The U.S. median household income further declined 2.3 percent to $49,445 in 2010, a year after the Great Recession officially ended -- and the nation had higher numbers of the poor and uninsured, the U.S Census Bureau reported Tuesday.
Last year's real median income has dropped 7 percent from its peak in 1999, the new statistics showed.
The nation's official poverty rate was 15 percent, up a percent from a year earlier when the recession officially ended. That means almost 3 million more Americans were living in poverty in 2010, the Census Bureau reported. It was the fourth annual increase and the largest number of poor people in the 52 years the poverty estimates have been released.
The number of the uninsured also jumped from 49 million in 2009 to nearly 50 million last year, according to the Census Bureau. That meant 16 percent of Americans were without health insurance.
The Bureau released the latest data on income, poverty and health insurance coverage in the United States based on findings from the Current Population Survey.
Next week, it will release more detailed income and poverty estimate for states, counties and metropolitan areas with more than 65,000 people.
Other studies have shown that South Florida mirrors national trends -- while lagging during the recovery from the recession.
For example, the Miami-Fort Lauderdale-Pompano Beach area ranked in the bottom third for economic growth in 2010 among the nation's major metropolitan area, the U.S. Bureau of Economic Analysis reported Tuesday.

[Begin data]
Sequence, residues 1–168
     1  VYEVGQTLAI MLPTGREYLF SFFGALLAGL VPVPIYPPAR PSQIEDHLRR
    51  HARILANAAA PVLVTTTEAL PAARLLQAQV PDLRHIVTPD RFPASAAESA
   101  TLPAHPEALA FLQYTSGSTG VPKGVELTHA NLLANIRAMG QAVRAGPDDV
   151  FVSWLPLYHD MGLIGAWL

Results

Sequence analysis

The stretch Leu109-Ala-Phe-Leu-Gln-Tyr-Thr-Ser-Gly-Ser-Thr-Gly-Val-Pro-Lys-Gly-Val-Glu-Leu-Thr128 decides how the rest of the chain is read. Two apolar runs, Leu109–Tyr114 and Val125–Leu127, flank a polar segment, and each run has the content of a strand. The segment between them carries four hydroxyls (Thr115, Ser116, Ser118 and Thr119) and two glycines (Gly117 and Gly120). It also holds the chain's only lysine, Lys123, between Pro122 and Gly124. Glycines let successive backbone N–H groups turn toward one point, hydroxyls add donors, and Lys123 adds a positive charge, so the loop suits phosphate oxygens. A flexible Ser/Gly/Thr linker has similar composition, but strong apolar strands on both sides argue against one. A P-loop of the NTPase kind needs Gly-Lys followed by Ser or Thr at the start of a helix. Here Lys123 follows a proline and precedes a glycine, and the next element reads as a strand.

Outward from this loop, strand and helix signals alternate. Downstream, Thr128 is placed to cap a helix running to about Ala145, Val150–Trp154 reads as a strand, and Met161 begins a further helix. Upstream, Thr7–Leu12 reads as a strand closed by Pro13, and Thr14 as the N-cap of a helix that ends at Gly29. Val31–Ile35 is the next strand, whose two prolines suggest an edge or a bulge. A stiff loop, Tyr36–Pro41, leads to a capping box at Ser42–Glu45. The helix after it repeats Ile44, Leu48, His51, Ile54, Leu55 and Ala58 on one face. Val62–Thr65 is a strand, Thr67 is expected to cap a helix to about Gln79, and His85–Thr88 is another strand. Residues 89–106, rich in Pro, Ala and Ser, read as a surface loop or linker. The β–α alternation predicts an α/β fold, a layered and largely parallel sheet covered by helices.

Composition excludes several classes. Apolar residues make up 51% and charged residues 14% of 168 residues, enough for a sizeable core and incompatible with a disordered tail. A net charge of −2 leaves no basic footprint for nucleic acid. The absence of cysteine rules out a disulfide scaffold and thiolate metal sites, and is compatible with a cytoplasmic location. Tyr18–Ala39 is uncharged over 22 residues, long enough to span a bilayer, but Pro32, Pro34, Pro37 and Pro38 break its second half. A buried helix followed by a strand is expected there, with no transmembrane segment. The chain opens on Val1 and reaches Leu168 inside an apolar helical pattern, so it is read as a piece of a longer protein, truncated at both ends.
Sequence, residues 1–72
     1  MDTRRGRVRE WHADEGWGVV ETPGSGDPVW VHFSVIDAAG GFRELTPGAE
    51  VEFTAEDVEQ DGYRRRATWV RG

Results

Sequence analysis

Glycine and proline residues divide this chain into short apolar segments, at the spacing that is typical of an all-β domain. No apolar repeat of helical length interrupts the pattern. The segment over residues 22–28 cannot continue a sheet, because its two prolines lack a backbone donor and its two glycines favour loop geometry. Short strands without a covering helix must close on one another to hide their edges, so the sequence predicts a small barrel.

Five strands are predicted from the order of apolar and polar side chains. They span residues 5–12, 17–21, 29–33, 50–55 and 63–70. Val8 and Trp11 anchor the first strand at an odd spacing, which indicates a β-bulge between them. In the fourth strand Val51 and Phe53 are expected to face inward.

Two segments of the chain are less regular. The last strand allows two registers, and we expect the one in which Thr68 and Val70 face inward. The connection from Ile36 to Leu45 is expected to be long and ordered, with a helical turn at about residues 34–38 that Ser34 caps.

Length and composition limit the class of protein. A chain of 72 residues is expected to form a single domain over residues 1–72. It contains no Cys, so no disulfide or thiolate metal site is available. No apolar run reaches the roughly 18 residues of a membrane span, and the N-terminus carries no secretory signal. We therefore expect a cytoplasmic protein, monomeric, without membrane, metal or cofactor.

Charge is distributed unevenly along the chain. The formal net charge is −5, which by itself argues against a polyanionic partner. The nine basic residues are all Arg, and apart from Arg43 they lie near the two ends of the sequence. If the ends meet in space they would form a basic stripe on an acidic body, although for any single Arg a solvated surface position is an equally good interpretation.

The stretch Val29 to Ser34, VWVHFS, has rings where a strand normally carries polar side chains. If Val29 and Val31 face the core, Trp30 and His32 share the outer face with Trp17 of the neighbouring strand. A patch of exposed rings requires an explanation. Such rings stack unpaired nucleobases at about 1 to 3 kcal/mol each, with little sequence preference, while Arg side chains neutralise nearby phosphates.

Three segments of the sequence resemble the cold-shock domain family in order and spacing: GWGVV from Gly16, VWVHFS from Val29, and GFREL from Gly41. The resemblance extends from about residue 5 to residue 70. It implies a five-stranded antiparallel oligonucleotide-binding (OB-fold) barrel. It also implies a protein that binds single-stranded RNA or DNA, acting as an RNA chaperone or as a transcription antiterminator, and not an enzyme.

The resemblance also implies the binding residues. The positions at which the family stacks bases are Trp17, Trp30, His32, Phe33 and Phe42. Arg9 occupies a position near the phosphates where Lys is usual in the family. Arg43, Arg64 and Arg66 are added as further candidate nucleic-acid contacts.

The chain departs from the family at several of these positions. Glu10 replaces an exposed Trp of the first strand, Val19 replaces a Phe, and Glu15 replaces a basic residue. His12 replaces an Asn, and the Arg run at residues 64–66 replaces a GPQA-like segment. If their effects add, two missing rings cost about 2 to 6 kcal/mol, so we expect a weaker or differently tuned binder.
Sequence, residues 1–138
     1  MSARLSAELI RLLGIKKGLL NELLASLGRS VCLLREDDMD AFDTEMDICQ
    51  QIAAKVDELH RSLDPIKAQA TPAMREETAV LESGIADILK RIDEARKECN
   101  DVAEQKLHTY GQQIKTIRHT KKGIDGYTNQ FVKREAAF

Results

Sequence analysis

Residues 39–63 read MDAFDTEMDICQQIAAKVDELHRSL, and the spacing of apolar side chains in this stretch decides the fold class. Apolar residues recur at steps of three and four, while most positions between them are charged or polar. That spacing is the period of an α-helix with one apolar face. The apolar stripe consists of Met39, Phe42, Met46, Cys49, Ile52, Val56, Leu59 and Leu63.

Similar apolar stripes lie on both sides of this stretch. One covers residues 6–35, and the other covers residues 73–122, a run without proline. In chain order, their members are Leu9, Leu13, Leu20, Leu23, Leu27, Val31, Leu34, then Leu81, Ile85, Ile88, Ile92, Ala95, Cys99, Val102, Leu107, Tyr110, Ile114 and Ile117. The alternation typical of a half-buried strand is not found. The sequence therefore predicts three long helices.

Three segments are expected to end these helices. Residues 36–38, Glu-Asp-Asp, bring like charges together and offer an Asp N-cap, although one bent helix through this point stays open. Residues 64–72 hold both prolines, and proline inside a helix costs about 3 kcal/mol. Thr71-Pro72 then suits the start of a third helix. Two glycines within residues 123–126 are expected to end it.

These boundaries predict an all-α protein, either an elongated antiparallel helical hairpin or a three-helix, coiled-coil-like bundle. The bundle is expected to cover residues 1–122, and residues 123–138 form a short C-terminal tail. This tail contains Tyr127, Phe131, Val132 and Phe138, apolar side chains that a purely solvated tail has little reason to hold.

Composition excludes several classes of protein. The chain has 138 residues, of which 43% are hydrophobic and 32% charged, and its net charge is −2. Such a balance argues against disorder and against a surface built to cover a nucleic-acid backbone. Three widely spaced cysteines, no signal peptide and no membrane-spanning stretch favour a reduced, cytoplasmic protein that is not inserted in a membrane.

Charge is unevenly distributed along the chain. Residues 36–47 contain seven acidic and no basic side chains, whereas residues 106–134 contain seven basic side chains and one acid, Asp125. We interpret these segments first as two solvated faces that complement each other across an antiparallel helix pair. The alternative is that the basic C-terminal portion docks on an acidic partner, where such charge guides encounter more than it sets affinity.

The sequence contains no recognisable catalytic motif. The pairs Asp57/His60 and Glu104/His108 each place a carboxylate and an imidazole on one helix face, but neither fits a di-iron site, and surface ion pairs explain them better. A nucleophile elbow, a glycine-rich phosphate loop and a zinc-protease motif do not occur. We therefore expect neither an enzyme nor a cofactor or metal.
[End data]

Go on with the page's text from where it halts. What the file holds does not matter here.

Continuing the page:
In the first quarter of this year, Floridians' personal income jumped 1.6 percent -- but still was lower than the national average of 1.8 percent, according to estimates from the U.S. Bureau of Economic Analysis.
South Florida reflects how hard hit the state was by the recession, said William B. Stronge, a professor emeritus of economics at Florida Atlantic University.
"We're still on our knees,'' he said.
Indeed, unemployment in the state remains well above 10 percent -- two years after the nation officially emerged from the recession.
Locally, calls for help in general have leveled off but those pleading for assistance have become more desperate and even suicidal, said Diane Huff, director of community services at 211 Palm Beach and The Treasure Coast. That is the county's central hotline for referrals to social service and welfare agencies and groups.
"Suicide calls are up 50 percent," so far this year compared to the same period in previous years, Huff said.
One reason is that the recession is never ending for many in South Florida, she said. Many have been out of work for more than a year. They have exhausted any social services available to them, Huff said.
"They are extremely distressed and overwhelmed," she said. "They are saying, 'I can't go on like this.'"
Last year, the Census Bureau found that South Florida household incomes fell in 2009 to the lowest level in at least three years. Families with young children living in poverty skyrocketed in Palm Beach County in 2009 to nearly one in five, the report said.
Overall, South Floridians' median household income - half had more and half had less - plummeted by more than 10 percent in both Broward and Palm Beach counties between 2007 and 2009, the census found. That left South Floridians with a smaller median income than in 2006.
The figures, adjusted for inflation, showed in 2009 a far steeper decline in the standard of living in South Florida than the nation, where real median household income over the same two years fell only 4.1 percent.
Families without health insurance continued to grow in Florida in 2009 with the Sunshine State having a far larger percentage of the uninsured than the rest of the nation.
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